7. Arthur Guinness

The Guinness Brewery has been around for a long time, since Arthur Guinness bought the lease for a disused brewery in Dublin in 1759. And it’s probably going to be around for a long time to come, because the lease he signed was for 9000 years. He wanted that particular brewery because it included water rights of a nearby canal, which allowed him to easily ship his barrels of porter. When the Dublin sheriff came in 1775 with the instructions to cut off the water supply and fill in the canal, Guinness defended it with a pick axe. History is silent on whether or not this Irishman was sober when he attacked cops with a pick axe, but it does record that he won

8. McDonald’s Brothers

Even if you think of Mac and Dick McDonald as the fathers of the American obesity epidemic, you have to admire their style. Their early restaurants in the 1940s were unlike anything seen before. Everything was streamlined; the spatulas specially designed for mass flipping, the ketchup dispensers built to squeeze a uniform amount of ketchup on each burger. Their menu was limited and they had no waiters, making things move even quicker. They were a huge success. So much so that their business partner, Ray Kroc, bought them out in 1961 for the exorbitant sum of $ 2.7 million dollars. Kroc agreed to give them 1 percent royalties every year, but the brothers never got it in writing. Do not do handshake deals with the kind of man whose shark-like business acumen will eventually build a 24-billion-dollar-a-year empire out of hamburgers. If it had been in writing, the McDonalds and their heirs would be receiving around $200 million a year today.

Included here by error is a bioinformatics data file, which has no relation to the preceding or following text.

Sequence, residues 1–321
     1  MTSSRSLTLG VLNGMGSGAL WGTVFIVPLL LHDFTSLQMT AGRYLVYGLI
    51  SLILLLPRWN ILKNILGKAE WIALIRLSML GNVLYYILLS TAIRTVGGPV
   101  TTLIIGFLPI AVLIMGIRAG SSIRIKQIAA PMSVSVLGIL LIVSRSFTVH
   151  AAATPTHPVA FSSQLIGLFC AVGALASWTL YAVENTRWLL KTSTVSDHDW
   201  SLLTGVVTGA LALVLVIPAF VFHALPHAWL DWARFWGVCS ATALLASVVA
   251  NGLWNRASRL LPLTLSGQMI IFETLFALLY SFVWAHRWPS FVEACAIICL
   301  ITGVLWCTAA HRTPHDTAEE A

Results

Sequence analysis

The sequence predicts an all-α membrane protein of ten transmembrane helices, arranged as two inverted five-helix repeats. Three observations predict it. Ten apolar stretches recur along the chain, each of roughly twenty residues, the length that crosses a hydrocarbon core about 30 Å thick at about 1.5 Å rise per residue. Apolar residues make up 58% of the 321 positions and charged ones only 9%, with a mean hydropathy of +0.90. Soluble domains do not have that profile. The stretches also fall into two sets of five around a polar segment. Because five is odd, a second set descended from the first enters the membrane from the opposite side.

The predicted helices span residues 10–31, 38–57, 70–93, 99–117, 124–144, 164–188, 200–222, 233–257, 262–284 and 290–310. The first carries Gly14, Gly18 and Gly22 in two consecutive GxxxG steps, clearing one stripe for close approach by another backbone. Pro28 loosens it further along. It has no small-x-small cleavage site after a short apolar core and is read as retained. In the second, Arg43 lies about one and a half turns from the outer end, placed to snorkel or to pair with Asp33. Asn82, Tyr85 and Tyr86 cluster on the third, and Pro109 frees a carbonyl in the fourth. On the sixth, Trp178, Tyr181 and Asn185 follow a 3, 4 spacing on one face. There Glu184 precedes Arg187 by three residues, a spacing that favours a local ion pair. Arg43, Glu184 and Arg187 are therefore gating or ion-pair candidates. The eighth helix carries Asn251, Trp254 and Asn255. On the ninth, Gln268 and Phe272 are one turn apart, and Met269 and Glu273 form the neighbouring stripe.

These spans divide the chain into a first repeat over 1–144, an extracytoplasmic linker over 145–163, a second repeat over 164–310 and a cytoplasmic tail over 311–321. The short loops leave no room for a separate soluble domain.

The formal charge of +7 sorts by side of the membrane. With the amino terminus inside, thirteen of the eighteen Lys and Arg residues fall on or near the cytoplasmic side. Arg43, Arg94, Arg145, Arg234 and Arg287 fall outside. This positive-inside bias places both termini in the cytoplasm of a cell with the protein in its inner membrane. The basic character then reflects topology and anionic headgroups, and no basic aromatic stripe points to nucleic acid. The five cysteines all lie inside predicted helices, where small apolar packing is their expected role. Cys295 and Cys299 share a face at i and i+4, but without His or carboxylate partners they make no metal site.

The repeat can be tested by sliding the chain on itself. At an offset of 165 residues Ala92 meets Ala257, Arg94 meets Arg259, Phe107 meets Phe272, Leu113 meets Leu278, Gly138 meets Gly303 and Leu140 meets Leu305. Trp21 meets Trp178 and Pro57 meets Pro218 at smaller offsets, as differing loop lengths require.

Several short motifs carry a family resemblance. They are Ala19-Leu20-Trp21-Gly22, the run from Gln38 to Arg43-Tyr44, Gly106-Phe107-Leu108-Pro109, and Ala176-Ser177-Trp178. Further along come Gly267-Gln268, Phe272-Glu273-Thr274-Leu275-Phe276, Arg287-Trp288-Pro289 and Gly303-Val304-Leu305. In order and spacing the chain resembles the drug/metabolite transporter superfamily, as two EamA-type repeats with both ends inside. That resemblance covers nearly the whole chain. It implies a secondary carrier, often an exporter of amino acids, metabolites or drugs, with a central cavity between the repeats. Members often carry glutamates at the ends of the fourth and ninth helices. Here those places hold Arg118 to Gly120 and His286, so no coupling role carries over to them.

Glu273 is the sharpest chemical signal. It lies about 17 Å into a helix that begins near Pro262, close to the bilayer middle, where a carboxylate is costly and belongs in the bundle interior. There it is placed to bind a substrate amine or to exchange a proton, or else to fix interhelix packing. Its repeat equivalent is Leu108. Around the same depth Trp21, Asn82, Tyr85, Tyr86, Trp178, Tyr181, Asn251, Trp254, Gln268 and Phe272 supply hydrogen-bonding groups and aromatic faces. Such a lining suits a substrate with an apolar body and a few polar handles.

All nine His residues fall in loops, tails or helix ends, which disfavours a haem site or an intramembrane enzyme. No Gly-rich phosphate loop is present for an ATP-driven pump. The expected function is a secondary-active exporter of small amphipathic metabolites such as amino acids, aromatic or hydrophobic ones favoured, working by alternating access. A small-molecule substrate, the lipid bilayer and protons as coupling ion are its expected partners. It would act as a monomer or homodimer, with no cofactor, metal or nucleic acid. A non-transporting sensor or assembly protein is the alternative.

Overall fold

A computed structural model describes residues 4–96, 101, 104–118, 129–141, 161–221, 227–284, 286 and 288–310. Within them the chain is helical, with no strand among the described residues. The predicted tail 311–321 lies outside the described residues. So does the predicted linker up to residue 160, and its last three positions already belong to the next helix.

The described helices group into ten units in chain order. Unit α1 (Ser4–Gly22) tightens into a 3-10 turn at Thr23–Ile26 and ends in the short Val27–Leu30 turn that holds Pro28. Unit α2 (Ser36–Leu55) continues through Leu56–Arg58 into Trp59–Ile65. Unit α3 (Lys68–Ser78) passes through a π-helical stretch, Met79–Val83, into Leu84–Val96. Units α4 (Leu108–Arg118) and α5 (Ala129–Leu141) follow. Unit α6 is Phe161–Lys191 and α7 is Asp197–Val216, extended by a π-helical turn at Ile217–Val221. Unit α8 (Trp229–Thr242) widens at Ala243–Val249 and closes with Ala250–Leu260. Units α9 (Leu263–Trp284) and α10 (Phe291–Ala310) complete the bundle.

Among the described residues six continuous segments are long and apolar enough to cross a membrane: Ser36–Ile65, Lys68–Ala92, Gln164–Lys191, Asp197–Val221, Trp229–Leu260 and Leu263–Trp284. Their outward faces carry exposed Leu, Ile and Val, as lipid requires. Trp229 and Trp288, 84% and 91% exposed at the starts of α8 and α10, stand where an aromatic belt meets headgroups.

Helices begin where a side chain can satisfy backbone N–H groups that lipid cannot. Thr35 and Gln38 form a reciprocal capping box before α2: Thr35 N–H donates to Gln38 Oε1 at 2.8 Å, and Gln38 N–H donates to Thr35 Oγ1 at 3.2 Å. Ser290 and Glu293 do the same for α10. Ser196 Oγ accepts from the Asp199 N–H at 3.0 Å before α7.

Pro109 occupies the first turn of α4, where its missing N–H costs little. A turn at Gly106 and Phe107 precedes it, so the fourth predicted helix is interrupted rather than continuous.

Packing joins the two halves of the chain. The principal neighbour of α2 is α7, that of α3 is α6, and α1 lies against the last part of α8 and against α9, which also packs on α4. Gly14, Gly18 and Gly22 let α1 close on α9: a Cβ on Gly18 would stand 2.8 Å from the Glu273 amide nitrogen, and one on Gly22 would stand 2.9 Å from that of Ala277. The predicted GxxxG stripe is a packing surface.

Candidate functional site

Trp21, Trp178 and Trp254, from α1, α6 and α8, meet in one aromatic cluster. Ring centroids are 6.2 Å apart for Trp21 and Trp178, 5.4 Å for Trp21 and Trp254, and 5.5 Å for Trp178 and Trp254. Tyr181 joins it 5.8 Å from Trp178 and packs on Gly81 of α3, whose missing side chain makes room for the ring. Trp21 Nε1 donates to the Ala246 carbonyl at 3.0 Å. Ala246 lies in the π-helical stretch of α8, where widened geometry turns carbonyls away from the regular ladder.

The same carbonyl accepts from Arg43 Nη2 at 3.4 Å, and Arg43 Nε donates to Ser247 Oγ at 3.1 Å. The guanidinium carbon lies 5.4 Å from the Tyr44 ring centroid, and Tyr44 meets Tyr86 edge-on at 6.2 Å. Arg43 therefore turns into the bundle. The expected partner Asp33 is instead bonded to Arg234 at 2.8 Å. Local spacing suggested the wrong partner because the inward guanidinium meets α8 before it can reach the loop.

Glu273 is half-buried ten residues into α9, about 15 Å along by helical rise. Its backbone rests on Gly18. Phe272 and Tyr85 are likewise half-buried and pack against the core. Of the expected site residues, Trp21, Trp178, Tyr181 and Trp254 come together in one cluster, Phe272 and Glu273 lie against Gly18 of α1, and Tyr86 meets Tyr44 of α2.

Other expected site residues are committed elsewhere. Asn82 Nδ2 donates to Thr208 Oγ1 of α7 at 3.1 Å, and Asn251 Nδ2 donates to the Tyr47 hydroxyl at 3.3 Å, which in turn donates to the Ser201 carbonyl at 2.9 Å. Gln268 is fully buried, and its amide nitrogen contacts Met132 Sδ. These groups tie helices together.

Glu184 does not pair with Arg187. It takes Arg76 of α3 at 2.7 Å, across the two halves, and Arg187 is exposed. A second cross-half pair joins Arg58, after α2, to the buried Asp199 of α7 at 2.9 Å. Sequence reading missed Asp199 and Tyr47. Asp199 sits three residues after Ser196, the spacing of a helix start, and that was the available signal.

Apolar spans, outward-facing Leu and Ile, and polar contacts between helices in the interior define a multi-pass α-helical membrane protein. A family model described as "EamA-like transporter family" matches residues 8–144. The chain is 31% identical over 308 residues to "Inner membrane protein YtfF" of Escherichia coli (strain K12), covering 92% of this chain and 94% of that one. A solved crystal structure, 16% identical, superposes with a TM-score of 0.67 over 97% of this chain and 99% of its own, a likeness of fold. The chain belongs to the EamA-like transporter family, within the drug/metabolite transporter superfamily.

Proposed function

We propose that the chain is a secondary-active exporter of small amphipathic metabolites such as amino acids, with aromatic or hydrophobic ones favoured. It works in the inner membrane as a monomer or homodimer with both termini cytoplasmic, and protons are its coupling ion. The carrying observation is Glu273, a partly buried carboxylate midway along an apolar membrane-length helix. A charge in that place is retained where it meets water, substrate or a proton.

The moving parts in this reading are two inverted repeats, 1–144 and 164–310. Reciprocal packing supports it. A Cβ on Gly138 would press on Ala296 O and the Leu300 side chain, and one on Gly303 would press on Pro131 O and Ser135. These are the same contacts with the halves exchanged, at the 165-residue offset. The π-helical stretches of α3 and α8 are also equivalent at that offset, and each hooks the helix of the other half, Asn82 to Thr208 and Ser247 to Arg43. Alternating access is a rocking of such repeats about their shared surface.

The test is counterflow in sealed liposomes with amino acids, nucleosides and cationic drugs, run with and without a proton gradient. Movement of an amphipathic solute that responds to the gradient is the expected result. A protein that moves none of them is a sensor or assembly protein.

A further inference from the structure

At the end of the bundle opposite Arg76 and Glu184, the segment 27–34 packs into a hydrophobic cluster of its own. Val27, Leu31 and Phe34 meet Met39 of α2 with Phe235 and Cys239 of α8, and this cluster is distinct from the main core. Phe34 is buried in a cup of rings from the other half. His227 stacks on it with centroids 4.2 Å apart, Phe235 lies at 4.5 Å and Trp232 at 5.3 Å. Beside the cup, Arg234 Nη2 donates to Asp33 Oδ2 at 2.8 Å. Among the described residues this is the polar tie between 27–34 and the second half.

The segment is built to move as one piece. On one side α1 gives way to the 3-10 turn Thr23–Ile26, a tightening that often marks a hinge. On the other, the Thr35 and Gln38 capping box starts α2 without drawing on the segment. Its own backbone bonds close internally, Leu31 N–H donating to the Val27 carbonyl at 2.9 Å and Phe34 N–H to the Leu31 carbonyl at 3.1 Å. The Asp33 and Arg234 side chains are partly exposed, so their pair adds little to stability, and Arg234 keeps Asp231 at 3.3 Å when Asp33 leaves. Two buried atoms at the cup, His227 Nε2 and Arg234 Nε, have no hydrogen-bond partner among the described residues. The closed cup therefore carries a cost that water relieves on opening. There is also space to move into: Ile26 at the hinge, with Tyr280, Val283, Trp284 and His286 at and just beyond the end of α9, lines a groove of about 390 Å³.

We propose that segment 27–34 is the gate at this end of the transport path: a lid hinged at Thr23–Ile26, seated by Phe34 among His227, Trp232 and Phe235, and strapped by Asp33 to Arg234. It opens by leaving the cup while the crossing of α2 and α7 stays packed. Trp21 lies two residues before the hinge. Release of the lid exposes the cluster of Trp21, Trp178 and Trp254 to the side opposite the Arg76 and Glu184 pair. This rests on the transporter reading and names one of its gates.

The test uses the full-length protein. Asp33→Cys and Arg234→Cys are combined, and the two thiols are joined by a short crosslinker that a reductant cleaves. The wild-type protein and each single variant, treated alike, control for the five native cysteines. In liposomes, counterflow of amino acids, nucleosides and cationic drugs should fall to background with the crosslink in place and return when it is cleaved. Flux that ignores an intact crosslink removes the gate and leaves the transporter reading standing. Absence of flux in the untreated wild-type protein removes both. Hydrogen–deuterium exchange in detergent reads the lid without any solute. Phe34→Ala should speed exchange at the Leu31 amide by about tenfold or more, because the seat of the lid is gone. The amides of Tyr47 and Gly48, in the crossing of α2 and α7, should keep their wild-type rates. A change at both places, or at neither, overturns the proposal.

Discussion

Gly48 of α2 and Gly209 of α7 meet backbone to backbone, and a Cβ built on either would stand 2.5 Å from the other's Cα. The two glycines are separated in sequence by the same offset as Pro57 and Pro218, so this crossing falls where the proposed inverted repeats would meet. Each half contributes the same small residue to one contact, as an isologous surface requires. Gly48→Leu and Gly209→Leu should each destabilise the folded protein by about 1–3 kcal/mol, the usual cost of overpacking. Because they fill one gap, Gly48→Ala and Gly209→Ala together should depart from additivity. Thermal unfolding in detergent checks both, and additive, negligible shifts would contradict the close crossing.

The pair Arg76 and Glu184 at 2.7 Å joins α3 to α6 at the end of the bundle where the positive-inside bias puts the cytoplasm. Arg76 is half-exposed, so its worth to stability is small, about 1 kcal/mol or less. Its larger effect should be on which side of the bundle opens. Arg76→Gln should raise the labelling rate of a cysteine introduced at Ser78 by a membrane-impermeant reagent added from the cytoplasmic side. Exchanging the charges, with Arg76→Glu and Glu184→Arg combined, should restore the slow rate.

9. Jean Nicot

Speaking of people we blame for making us fat and sickly, in 1559, French Ambassador Jean Nicot was in Spain, arranging the marriage of a 6-year-old princess to a 5-year-old king. While there, he discovered the delightful effect of the tobacco plant. When the leaves are dried, pulverized into dust, and sniffed up the nose … well, it just felt great. Catherine de' Medici, the French queen mother, thought so, too. Pretty soon all the cool courtiers were snuffing. Nicot was a celebrity, so much so that when chemists got around to isolating the mind-altering chemical in tobacco, they named it nicotine, after him. 

Sergeant Marshall/Department of Defense, NARA // Public Domain
Would You Be Able to Pass a World War I Military Literacy Test?
Sergeant Marshall/Department of Defense, NARA // Public Domain
Sergeant Marshall/Department of Defense, NARA // Public Domain

Though reading and writing might not come to mind as the first requirement for trench warfare, during the early 20th century, the U.S. Army became increasingly concerned with whether or not its soldiers were literate. Thousands of World War I soldiers couldn't read printed directions on basic military tasks. The Army didn't implement its first major literacy program until the 1940s, but literacy tests were included in a battery of psychological evaluations World War I recruits went through to determine their mental fitness and intelligence, as the blog Futility Closet recently highlighted.

These unconventional literacy tests largely took the form of a yes or no questions with obvious answers, according to the 1921 report from the U.S. Surgeon General, Psychological Examining in the United States Army. Edited by pioneering intelligence-testing psychologist Robert Yerkes, who developed the military's first psychology exams for new recruits (and was also famous for his support for eugenics), the volume is a lengthy compilation of all of the methods the U.S. Army used to test the intelligence of its future soldiers. Many of these tests are now considered racist and culturally biased—some of the "intelligence" testing questions required recruits to know things like what products Velvet Joe (a figure used in tobacco campaigns) advertised—but some of the literacy questions, in particular, simply come off as weird in the modern era. Some are downright existential, in fact, while others—"Is a guitar a disease?"—come off as almost poetic.

A long questionnaire to test literacy, including questions like 'Is coal white?'
Psychological Examining in the United States Army, Google Books // Public Domain

One test, the Devens Literarcy Test, asked recruits questions like "Is genuine happiness a priceless treasure?" and "Does success tend to bring pleasure?" Another section of the test asked "Do boys like to play?" and "Do clerks enjoy a vacation?"